Saturday, November 24, 2012

Guest Blog from Patric Götz of Uhrwerk Verlag

As I'm sure all of you know, the German-language edition of the Space: 1889 role-playing game from Uhrwerk Verlag hit the streets a couple months ago. It's a beautiful prodution and is selling well. I'd told Patric Götz before that if the German-language edition was a success we'd talk about an English-language version as well. And we are.

Today Patric joins us with a guest blog about how he came to the game in the first plae.

Patric writes  . .

I started playing RPGs in 1984 and up until 1989 I played mostly D&D, DSA (Germany’s most successful RPG) and a little bit of Star Frontier and Traveller. Vanilla Fantasy and SF so to say.
I started reading the novels of Jules Verne at the age of 14 and was immediately hooked by the tone and “feel” of his stories. I didn’t only read the well-known novels like 20.000 Leagues and Journey to the Centre of the Earth but also a lot of the less known ones.
Imagine my excitement as I saw the advertisement for a RPG called Space: 1889. I literally couldn’t sleep the night before I planned to journey to my friendly not-so-local game store to take a look at that book (English RPGs weren’t easy to find these days in Germany and there were only a couple of specialized shops spread out across Germany back then).
I wasn’t disappointed at all. The premise of the game was exactly what I was looking for in a RPG. I immediately bought all the stuff that was available over the next couple of months with my not so freely disposable pocket money.
Fast forward a couple of years… Due to a chain of events I never could have anticipated, I now work in the so-called RPG-industry, which is even harder to do in Germany than in the USA or UK I guess.
So after publishing a couple of quite successful (and some not so successful) RPGs, I remembered my old love Space: 1889. The license seemed dead and gone at that time, except for the nice reprints done by the folks at Heliographic Press – but no new material had been published since the early 90ties.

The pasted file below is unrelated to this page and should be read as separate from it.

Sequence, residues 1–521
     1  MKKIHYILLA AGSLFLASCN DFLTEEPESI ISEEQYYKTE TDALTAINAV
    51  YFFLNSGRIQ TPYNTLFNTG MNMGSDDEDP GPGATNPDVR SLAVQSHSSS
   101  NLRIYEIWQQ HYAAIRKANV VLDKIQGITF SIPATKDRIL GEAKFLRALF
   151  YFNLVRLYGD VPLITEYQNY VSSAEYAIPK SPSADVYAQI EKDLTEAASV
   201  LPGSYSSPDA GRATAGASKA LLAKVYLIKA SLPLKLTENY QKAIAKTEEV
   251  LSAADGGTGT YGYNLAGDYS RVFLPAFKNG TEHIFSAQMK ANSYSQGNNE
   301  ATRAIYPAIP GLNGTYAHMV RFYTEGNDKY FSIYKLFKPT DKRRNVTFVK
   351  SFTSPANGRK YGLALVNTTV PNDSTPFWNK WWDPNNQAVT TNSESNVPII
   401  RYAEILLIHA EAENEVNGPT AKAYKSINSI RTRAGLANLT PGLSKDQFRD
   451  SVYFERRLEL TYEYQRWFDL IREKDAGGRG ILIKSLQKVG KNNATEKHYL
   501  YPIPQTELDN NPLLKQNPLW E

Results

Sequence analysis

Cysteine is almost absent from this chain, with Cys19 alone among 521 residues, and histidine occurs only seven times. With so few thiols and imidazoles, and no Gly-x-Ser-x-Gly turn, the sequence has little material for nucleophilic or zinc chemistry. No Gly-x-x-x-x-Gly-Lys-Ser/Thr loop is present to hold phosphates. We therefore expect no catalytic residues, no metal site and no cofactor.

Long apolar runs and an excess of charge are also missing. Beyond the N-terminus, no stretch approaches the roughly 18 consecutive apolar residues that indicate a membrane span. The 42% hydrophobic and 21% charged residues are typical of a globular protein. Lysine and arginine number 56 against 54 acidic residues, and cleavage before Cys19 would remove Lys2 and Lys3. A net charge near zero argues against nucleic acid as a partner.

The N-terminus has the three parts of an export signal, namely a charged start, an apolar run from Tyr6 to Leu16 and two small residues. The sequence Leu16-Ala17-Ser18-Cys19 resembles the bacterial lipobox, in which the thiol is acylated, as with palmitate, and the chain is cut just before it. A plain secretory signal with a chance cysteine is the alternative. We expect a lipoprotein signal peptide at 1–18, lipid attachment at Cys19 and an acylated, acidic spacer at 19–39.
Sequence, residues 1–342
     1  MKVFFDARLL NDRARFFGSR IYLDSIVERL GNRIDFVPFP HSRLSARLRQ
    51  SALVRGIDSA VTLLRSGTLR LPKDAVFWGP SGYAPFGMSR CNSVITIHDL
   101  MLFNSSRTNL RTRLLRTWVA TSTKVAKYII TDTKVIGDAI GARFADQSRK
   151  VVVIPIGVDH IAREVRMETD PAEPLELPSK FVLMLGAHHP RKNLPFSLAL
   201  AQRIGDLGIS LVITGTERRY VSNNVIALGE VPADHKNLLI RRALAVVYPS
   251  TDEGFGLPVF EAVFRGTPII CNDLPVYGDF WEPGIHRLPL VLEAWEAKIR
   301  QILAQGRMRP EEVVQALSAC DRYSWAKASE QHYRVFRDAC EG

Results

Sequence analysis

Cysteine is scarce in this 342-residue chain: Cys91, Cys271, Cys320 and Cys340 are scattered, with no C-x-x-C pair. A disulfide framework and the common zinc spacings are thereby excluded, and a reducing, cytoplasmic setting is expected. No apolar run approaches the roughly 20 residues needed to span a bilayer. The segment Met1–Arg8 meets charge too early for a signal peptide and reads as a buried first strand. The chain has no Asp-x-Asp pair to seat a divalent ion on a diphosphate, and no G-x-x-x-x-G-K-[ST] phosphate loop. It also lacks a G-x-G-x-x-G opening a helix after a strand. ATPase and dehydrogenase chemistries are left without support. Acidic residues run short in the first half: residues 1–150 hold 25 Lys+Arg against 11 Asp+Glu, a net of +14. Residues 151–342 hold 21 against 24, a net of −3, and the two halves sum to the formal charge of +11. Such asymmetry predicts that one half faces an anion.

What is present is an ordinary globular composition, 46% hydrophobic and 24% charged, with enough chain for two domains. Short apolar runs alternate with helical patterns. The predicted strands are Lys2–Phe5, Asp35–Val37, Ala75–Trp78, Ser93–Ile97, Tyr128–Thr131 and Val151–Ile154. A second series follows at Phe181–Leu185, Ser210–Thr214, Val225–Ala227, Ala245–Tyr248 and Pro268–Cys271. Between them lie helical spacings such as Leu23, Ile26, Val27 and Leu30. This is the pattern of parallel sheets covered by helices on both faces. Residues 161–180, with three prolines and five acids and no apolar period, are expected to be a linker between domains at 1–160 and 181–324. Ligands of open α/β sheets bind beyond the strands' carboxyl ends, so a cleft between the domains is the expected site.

I contacted Mr. Chadwick anyhow about the possibility of doing a new German version of the game. Not just a translation of the old material, but a completely new interpretation of the game – with new texts, new illustrations and new rules.
Imagine my surprise as I got a very positive answer. So we started doing “our” version of Space:1889 and after the usual delays we finally managed to publish the new rulebook in July 2012.
It was an immediate success (well – that is for a RPG in Germany ;) ) and more books are planned right now to further supplement and support this fine RPG-line.
So we now have the very strange situation that the latest version of an American RPG which is mostly centered around the British Empire is now only available in German. ;)
But fear not… there are things going on in the background that may change this fact in a not so distant future…

Tuesday, November 20, 2012

Ode To A Dead Hard Drive

Back in September I flew out to Celesticon in San Francisco – a wonderful game convention, by the way. I ran a fun Mars Needs Steam game and generally had a great time. Because I had a lot of work to do I took along my computer. This was very nearly my undoing. In the course of travel my computer got bumped and started acting strangely afterwards, becoming more and more “difficult” until at least it packed it in completely. The problem ended up being a bad hard drive, perhaps damaged by the bump suffered while travelling. Fortunately almost everything was on my most recent backup and in any case everything was recoverable from the disc itself. Nevertheless, I was out of action for the better part of two weeks and the following two months were a cascading story of backed-up projects and piled-up deadlines. I am at last seeing daylight – just in time for the holidays and more travel. We’ll see what that brings me, but for now I’m caught up on the fiction front. The game rules front is an entirely different story.

Here are the major writing projects I’ve packed away in that time – just so you know there’s no moss growing on me. I did a science edit of the next Space 1889 and Beyond novel, originally titled To Ceres By Steam but now renamed Mundus Cerialis and now co-authored by Sharon Bidwell and Andy Frankham-Allen. More on that later. I finished the big rewrite on The Forever Engine for Baen Books and sent that off end of October. In November I got the typesetting markups of How Dark The World Becomes from Baen and turned those around, then got the final typeset manuscript last weekend and sent my corrections back for that this morning. How Dark The World Becomes is now out of my hands and cruising toward its February release.  I know it’s not Space: 1889, but it’s a Pretty Big Deal for me, so please bear with me.

Here’s where things stand right now on How Dark The World Becomes. The novel will appear in trade paperback format in February of 2013, just a couple months from now. It is currently available for pre-order on and they have it at a reduced price, under $10.00. (Its cover price is $14.00.) Here’s the link for that:

If you absolutely cannot wait that long (and how could you?) it’s now available as an electronic advanced reading copy (eARC) directly from Baen Books. Here’s the link to their main site and you’ll see How Dark features as one of the new e-releases this month.

You should check out the Baen site even if you don’t intend to buy the eARC, as  the site has the first seven chapters up as a free reading sample. That should help you decide whether the book is to your taste (although really, how could it not be?)